Paris bound

Paris bound
   Philip Barry's three-act comedy premiered at the Music Box Theatre on 27 December 1927 for 234 performances under the direction of Arthur Hopkins and with scene designs by Robert Edmond Jones. After six years of what she believes has been a model happy marriage, Mary Hutton learns that her husband, Jim, has not always been faithful. Angry and intent on divorce, Mary recalls the advice of her father-in-law not to let meaningless infidelities damage their marriage as his had been. Facing the truth of her own flirtation with a young composer, which Jim has chosen to ignore, Mary heeds her father-in-law's advice. Praised by critics for its social commentary and wit, this early success for Barry was a prototype of his sophisticated comedy of manners style. A motion picture version of Paris Bound was released in 1929.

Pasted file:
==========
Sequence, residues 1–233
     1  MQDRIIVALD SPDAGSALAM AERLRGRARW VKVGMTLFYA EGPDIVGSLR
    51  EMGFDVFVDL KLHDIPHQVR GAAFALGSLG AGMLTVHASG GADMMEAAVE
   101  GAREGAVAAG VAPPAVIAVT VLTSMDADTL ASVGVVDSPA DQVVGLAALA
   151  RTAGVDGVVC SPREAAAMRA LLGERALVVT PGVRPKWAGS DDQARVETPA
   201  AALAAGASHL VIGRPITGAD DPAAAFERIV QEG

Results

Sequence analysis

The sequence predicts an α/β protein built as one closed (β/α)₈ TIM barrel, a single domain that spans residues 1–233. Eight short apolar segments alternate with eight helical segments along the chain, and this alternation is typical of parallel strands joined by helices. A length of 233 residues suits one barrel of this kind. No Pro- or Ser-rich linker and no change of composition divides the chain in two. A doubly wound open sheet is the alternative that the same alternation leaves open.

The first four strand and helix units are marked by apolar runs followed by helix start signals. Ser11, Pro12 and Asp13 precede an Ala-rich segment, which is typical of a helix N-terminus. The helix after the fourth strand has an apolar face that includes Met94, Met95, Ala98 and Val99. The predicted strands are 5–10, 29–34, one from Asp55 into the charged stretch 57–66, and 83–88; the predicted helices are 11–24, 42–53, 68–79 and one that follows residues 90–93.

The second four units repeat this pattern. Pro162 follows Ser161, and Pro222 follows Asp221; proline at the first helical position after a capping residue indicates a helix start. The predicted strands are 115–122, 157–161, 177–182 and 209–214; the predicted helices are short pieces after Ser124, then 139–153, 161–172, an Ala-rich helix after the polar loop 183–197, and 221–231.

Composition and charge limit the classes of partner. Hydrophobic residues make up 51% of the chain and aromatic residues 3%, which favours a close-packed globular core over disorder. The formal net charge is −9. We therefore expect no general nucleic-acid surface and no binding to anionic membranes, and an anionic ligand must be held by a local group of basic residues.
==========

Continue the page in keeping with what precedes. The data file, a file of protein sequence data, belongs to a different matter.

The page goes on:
The Historical Dictionary of the American Theater. .

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